The 20 Best Things to do in Medellin for First Timers

El Castillo Museo y Jardines

If you’ve ever watched ‘Narcos’, you might have some pre-conceptions about Medellin. But it’s time to drop them. The dangerous, drug-fueled city of the 1980s is a reformed character. These days, Colombia’s second-largest city is a lively, vibrant, and, more importantly, safe place that’s shaken off its infamous past to emerge as one of South America’s hottest destinations. Whether you’re into cafe culture, shopping, museums, or art, you’ll find no shortage of amusements to keep you busy from dawn to dusk. Your only problem might be jamming them all into one trip. If you’re on a tight schedule and need help picking out the unmissable from the so-so, check out our lineup of the 20 best things to do in Medellin for first-timers.

Spanish class

20. Take a Spanish class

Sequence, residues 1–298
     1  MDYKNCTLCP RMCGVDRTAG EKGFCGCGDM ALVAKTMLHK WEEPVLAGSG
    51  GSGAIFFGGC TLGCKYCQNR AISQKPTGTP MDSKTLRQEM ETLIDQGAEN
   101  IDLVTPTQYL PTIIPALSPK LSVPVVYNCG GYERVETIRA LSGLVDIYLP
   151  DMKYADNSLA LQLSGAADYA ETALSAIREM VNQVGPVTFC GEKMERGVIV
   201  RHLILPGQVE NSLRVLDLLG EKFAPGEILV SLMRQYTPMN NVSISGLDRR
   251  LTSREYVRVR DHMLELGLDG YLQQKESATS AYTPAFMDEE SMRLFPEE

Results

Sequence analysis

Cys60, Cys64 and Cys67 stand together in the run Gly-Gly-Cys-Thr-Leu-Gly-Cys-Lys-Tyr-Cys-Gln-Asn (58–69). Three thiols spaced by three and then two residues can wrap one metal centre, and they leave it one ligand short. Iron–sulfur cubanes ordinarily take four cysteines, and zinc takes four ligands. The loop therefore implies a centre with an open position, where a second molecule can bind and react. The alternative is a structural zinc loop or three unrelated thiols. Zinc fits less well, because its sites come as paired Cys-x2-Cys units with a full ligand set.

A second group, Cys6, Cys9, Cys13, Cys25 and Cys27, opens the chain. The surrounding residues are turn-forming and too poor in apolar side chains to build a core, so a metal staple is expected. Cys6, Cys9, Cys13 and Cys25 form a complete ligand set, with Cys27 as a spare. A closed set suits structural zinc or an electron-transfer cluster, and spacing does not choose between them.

If you want to come back from your trip with more than just a tan and a souvenir, why not using your vacation as an opportunity to pick up a new skill? The city offers numerous places to brush up on your Spanish, and you’ll be pleasantly surprised at how cheap the classes are. Goatsontheroad.com recommends the Toucan Spanish School as one of the best schools in the city, but if you’d rather go your own way, a quick google search should throw up no end of options.

Escaleras Electricas De La Comuna 13

19. Jump on the Escaleras Electricas De La Comuna 13

An elevator might seem an odd addition to a list of the best things to do in Medellin, but trust us, the Escaleras Electricas De La Comuna 13 are no ordinary elevators. While the locals rely on the elevators as a convenient way of getting through the hills, for tourists, they’re an attraction in their own right. The views as you travel up to the top are extraordinary, as are the numerous murals and artworks that stud the walls. And don’t feel obliged to do the entire ride in one go, either – stopping off for a refreshing fruit lolly or a wander around the shops on the different levels is all part of the fun. If you want to throw in a bit of history, book a guide to accompany you – they’re readily available, affordable, and a great way to learn a little more about the significance of the elevators in Medellin’s past. As a way to spend a lazy afternoon, it’s the perfect experience.

view from Envy